Larry Peterson Guest Post

Posted March 2, 2012 by Kate in Guest post / 4 Comments

When I wrote The Priest & The Peaches, I did not anticipate it being classified as historical fiction. The story takes place in the mid 1960s and I grew up in the ’50s and ’60s. I always thought of “historic” as being way before my time, not during my time. The first thing I had to do  was make sure I was not dead yet. I calmed down when my own left hand smacked me in my head and I heard myself say, “Oh man, get over it.” I realized I was still breathing and I got over it.
The point is, I am far from being an authority on writing historical fiction. Since I actually experienced the point in time I was writing about much of my needed research was already categorized inside my head. All I had to do was begin opening dormant files that I had forgotten about. The writing helped me to open them. Somethings I did have to research such as clothing styles, hair styles, prices, automobiles and things like that. Otherwise, I had it easy being historical.
I do love history and there may very well be a historical work in my future. It may even have to do with the early Peach family going back to when their American journey began at Ellis Island. Here is what I can tell you. If you truly want to write historical fiction you must travel back in time (books, internet, letters, photos, etc) will help you get there. You have to “see” the streets, “smell” the odors, “talk” to the people and understand the culture of the time you are visiting. I might recommend as not only a learning tool but also an excellent read the book, Call Me Kate: Meeting the Molly Maguires by Molly Roe and published by Tribute Books. It takes you back to the 1860s to the coal mining country of Pennsylvania. It captures beautifully the people, streets, homes, and lives including hopes and dreams of the folks living during those days. If you want a good example of historical fiction, check it out.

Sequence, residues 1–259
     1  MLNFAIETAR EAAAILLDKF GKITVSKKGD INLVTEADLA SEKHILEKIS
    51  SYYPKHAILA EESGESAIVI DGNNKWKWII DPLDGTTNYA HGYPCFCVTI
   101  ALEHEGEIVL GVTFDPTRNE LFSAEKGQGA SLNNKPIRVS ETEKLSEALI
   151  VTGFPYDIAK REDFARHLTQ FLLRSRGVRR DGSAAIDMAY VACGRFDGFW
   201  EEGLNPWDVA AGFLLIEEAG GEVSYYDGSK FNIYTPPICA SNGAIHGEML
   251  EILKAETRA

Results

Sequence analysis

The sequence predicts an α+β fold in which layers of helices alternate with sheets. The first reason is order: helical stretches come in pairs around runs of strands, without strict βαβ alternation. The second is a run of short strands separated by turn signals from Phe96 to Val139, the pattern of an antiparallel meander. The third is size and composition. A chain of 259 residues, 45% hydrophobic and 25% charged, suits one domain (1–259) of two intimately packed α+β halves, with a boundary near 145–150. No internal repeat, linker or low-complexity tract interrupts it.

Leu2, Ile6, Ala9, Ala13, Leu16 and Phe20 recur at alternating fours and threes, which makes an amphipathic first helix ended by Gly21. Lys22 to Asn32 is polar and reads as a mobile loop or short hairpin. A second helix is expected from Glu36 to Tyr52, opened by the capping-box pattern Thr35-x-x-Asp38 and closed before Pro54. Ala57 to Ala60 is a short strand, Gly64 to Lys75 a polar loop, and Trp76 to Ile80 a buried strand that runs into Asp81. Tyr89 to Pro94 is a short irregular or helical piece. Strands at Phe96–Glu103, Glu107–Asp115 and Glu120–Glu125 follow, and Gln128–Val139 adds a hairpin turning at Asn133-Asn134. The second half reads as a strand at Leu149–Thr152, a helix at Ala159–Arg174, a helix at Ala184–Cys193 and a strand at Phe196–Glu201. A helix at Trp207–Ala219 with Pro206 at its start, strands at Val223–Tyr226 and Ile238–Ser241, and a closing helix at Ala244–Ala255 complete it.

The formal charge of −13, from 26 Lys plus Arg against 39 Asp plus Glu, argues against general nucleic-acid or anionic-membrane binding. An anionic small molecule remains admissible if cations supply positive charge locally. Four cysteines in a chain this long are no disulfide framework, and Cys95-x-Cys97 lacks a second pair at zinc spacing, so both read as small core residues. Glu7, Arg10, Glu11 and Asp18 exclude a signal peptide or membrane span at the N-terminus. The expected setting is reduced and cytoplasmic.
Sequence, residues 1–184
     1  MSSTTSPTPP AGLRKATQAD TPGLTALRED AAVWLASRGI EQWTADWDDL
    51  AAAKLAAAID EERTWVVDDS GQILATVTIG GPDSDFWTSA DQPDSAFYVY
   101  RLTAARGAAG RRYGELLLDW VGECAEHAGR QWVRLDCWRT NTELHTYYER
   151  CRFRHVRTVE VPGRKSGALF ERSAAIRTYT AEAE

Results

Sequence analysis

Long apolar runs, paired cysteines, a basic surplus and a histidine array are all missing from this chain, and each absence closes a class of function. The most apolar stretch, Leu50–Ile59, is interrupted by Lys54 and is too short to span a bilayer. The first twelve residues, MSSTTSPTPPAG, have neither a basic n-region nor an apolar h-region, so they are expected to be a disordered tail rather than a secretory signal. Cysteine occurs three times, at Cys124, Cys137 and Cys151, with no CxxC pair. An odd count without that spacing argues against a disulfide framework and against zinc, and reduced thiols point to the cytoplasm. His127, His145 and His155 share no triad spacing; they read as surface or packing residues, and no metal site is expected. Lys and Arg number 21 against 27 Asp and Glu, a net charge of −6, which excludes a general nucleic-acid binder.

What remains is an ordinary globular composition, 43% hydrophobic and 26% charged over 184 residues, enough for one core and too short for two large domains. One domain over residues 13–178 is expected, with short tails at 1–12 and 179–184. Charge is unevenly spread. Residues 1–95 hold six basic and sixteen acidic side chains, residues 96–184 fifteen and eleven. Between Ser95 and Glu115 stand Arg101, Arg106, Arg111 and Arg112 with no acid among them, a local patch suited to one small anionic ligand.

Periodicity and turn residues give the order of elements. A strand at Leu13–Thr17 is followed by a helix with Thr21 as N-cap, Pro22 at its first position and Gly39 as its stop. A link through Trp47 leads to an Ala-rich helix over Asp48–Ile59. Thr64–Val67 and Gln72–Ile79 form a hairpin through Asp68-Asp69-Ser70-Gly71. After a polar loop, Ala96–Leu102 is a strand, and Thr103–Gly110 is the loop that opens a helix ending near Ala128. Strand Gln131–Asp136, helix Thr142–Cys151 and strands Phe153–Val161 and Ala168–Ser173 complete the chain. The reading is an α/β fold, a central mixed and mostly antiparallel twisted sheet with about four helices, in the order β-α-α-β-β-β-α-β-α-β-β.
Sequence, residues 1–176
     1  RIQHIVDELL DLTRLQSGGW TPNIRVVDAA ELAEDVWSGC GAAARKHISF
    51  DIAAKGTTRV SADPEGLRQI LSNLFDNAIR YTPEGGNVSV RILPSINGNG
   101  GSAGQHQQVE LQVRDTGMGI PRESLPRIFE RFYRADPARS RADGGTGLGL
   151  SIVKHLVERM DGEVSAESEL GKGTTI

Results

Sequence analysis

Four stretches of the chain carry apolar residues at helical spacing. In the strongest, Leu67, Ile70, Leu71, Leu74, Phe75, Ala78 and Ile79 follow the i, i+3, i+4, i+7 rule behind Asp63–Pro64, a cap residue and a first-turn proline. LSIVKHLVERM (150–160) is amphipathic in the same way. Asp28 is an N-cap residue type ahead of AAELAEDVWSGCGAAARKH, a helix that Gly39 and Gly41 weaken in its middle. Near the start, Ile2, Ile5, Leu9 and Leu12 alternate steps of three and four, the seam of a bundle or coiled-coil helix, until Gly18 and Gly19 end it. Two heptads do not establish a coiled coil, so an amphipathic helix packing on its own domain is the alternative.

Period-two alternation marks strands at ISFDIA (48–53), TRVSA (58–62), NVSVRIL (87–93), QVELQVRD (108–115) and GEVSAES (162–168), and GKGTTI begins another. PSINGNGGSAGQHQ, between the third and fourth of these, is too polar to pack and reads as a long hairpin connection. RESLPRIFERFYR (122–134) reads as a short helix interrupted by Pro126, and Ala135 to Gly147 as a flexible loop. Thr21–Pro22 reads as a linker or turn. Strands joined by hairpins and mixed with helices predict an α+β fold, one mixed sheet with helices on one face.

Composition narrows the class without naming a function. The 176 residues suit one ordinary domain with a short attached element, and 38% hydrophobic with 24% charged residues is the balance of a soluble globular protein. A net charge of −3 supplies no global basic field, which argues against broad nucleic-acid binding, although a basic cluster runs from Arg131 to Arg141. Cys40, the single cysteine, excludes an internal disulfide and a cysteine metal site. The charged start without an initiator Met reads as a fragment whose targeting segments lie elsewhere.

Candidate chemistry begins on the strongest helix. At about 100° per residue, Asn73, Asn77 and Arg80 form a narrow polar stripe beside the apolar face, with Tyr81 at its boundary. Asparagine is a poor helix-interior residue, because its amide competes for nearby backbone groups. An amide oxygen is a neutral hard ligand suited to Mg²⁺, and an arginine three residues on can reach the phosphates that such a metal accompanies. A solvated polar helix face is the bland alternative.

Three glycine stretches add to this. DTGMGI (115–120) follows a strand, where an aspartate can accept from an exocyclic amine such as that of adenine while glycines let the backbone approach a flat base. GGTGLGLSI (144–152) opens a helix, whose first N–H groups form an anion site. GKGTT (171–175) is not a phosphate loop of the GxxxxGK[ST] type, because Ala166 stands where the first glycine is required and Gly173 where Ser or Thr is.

The Priest and the Peaches Book Summary
Historical fiction novel set in the Bronx in the mid-1960s
Take a seven day journey with the five, newly orphaned Peach kids, as they begin their struggle to remain a family while planning their dad’s funeral.
They find an ally in the local parish priest, Father Tim Sullivan, who tries his best to guide them through the strange, unchartered and turbulent waters of “grown-up world.” A story that is sad, funny, and inspiring as it shows how the power of family love and faith can overcome seemingly insurmountable obstacles.

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Larry Peterson’s Bio:
Larry Peterson was born and raised in the Bronx, New York. A former Metal Lather/Reinforcing Iron-worker, he left that business after coming down with MS. He, his wife and three kids moved to Florida 30 years ago. Larry began doing freelance newspaper commentary after graduating from Tampa College in 1984.
His first children’s picture book, Slippery Willie’s Stupid, Ugly Shoes was published in 2011. In 2012, his full length novel, The Priest and the Peaches was released and he is presently working on the sequel.
He also has a blog ( where he posts weekly commentary. He lives in Pinellas Park, Florida and his kids and six grandchildren all live within three miles of each other. 

4 responses to “Larry Peterson Guest Post

  1. Hi Kate—just want to say “THANK YOU” for featuring my book and for taking the time to do the interview. Answering your questions helped me reflect more deeply about my own work and I thank you for that.
    Best wishes always,
    Larry P

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